After FTC Weighs In, Judge Allows Subscriber Data Collected By Now Bankrupt XY Magazine To Be Destroyed


A bankruptcy judge has agreed to allow the defunct XY Magazine, aimed at gay teens and young gay men, to destroy subscribers' personal information -- including their online photos, anecdotes and profiles -- rather than turn that information over to creditors.

The magazine's owner, Peter Ian Cummings, who declared bankruptcy in February, said in court papers that the disclosure of either subscription lists or information about users collected online would threaten public safety. But two former business partners of his claimed that they were entitled to the information.

News of the dispute reached the Federal Trade Commission, which said the data should be destroyed. Consumer protection head David Vladeck said last month in a letter to the creditors that transferring the data would be problematic even if the only reason they wanted the information was to restart the magazine or accompanying Web site. "Subscribers and members were told that their personal information would not be sold, shared, or given away to 'anybody'," he wrote. "Therefore, any sale or transfer of the data to a new company, new owner, or other third party would directly contravene the privacy representations and could constitute a deceptive practice by the original company or its principals."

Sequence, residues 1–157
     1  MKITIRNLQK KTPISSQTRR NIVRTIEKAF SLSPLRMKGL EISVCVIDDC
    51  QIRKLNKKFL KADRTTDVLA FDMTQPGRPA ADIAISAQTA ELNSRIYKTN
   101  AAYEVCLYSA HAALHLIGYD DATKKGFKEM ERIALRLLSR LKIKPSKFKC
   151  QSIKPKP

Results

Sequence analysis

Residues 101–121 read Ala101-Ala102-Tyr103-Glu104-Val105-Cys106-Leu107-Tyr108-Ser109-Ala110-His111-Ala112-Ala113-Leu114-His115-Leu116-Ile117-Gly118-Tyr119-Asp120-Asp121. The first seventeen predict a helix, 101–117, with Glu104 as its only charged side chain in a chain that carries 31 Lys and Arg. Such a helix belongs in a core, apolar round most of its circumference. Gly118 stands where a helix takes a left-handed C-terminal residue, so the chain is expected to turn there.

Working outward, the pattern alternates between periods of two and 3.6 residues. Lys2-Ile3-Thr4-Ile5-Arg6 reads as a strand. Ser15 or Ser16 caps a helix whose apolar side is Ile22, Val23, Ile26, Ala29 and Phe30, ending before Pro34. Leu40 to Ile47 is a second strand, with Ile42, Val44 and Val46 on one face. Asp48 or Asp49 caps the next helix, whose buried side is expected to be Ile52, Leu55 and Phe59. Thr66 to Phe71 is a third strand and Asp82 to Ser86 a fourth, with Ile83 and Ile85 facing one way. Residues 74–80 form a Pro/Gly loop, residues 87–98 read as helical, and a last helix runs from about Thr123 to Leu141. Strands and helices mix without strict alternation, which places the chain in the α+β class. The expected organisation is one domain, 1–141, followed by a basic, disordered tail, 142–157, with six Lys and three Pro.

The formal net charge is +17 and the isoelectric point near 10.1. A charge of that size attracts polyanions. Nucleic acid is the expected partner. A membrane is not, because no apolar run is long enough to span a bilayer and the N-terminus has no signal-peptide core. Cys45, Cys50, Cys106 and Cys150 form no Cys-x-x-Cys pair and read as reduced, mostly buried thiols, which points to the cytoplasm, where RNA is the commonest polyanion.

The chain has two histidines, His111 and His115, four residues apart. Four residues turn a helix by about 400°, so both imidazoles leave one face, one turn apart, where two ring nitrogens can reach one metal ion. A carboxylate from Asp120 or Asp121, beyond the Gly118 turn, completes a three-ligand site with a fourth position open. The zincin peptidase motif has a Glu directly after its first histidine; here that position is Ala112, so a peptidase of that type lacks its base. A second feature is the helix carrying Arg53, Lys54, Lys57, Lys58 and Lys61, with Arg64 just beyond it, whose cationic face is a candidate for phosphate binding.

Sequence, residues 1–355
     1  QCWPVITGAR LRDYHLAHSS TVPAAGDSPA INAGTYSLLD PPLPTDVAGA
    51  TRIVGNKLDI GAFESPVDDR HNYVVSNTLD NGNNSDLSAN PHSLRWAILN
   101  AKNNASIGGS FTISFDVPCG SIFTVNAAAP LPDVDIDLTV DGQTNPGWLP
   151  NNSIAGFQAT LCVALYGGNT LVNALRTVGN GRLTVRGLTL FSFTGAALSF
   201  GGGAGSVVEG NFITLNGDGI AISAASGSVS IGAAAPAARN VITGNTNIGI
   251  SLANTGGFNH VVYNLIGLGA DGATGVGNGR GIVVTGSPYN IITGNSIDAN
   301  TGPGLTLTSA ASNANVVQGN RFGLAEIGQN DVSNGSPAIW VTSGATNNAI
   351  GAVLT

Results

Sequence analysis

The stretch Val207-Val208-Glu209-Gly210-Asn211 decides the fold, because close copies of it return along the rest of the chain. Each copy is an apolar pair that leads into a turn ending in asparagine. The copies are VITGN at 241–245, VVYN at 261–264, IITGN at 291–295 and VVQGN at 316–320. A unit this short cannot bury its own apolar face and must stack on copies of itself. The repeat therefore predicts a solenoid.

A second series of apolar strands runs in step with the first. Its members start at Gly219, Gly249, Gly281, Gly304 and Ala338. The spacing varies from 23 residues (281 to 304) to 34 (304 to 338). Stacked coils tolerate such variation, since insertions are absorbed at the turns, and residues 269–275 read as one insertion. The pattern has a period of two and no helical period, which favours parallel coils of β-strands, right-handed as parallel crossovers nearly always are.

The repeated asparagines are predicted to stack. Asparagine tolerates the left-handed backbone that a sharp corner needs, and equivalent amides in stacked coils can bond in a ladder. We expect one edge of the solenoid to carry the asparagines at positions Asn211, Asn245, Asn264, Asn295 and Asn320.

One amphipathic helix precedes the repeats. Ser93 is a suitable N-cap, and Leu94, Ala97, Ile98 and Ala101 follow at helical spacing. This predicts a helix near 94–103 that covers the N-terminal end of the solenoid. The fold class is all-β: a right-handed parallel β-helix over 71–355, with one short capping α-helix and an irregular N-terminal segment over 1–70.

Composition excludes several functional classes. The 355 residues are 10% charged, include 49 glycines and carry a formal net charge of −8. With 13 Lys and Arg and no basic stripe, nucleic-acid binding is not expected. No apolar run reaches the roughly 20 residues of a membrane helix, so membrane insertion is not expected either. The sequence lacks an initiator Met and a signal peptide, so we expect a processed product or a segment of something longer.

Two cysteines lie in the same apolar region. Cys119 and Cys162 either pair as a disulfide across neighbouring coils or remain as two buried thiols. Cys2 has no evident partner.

The magazine, which folded in 2007, assured subscribers that it would never reveal their names, boasting: "Please note our amazing privacy policy. We never give your info to anybody." In fact, the publisher went so far as to assure its readers -- particularly teens living with their parents -- that copies were mailed in shrink-wrapped black plastic.

The company's Web site, which went dark last year, likewise promised users that any information submitted online would be kept secret.

Cummings had argued in a court filing that a privacy breach "would constitute a 'ticking time bomb' that could never be reversed."

The court order, entered earlier this month by U.S. Bankruptcy Judge Michael Kaplan in the District of New Jersey, provides that the data is to be destroyed "by shredding, erasing, or otherwise modifying the PII [personally identifiable information] ... to make such PII unreadable, undecipherable or nonreconstructable."

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